Love, (1975, p 68) noted that chert and obsidian percentages seemed to differ on sites in the Gros Ventre and Crystal Creek drainages to the north of this study area; it appears that routes of passage and perhaps prehistoric annual migration patterns may be discernable by studying the movements of marker lithic materials throughout the mountains of western Wyoming. The ease of travel over Union Pass may have facilitated this transhumance.
Another recognized pattern is that of sites concentrating around steatite source areas. This oft-discussed situation won't be dwelled on here; a causal relationship for site presence has been suggested by the author in the past.
Mountain Passes over the Continental Divide near lithic source areas are seen to contain concentrations of sites. The author was so impressed by sites clustered near Europe Canyon that he posited a functional relationship between Continental Divide passes and steatite source areas. Recent work has suggested that the presumed correlation may have been overstated. Why?
Recently, I've been examining alpine settings near mountain passes at or above timberline, yet somewhat removed from steatite concentrations. If a model of site patterning stressing this lithic extraction was valid, then site densities would be expected to decline as distance from the source increased. Rather, the opposite was observed.
Concentrations of sites and presence of large sites are seen to associate themselves with several mountain passes removed from important lithic sources. This situation represents a third site distrubutional pattern in the Alpine setting. In particular, Washakie Creek, Hailey Pass and Washakie Pass contain impressive site concentrations. Ethnohistoric documents (Shimkin, 1947) suggested that Washakie Pass, for example, was a favored route of passage in the mid to late nineteenth century. My work this summer confirms the importance of this pass and suggests that the Washakie Pass country saw heavy use in Late Prehistoric times. Including Hailey Pass located several miles to the north, and one includes large sites at timberline. Note that the terminal Late Prehistoric reworked flake points attests that the pass was used as recently as the protohistoric period.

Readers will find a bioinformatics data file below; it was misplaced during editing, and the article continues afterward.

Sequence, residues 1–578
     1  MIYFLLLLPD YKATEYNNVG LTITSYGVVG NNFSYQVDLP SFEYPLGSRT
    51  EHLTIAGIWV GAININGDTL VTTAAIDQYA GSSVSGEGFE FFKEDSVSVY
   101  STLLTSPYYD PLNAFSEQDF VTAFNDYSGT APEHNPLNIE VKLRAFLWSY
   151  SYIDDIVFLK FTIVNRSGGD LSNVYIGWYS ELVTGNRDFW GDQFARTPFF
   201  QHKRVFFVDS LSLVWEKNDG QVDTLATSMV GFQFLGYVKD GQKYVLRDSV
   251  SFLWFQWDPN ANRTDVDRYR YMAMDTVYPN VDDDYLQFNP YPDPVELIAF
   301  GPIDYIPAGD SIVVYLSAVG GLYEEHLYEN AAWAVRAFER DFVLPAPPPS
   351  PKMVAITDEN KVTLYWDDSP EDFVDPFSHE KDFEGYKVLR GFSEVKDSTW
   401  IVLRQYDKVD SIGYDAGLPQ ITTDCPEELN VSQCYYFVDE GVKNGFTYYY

The Indian Basin site complex (Vlcek, 1993) near Fremont Peak may be overshadowed by site densities in the upper Roaring Fork drainage, Washakie Creek and upper East Fork drainages. Ease of passage over the Continental Divide and ease of access to the Green River Basin lowlands may have predicated greater archaeological concentrations.
Pedestrian travel over the Divide via Hailey Pass/Washakie Pass allows for use of several "easy" routes to the lowlands of the Big Sandy, East Fork and Sweetwater Rivers. Miles are reduced and the trail corridors follow gentle grassy meadows and valley floors offering ease of travel and perhaps increased hunting opportunities. In contrast, the descent from Indian Pass still leaves 20 miles of rough terrain along upper Pine Creek and the more normal pedestrian routes are encumbered by steep, rocky canyon country.
While sites such as located at Long Lake and Medina Mountain may still relate more obscurely to presence of lithic source areas, they are removed from the most direct routes. Prehistoric concentrations near Hall Lake at timberline is impressive, and suggests that generalized exploitation of the alpine setting was far more extensive than I previously thought. This is an emerging fourth site locational pattern. Somewhat related, refitting broken tools from surface assembledges of high altitude sites allows us to suggest integrity of place on such surficial lithic manifestations, while they remain. What about site distributions in non-mountainous terrain?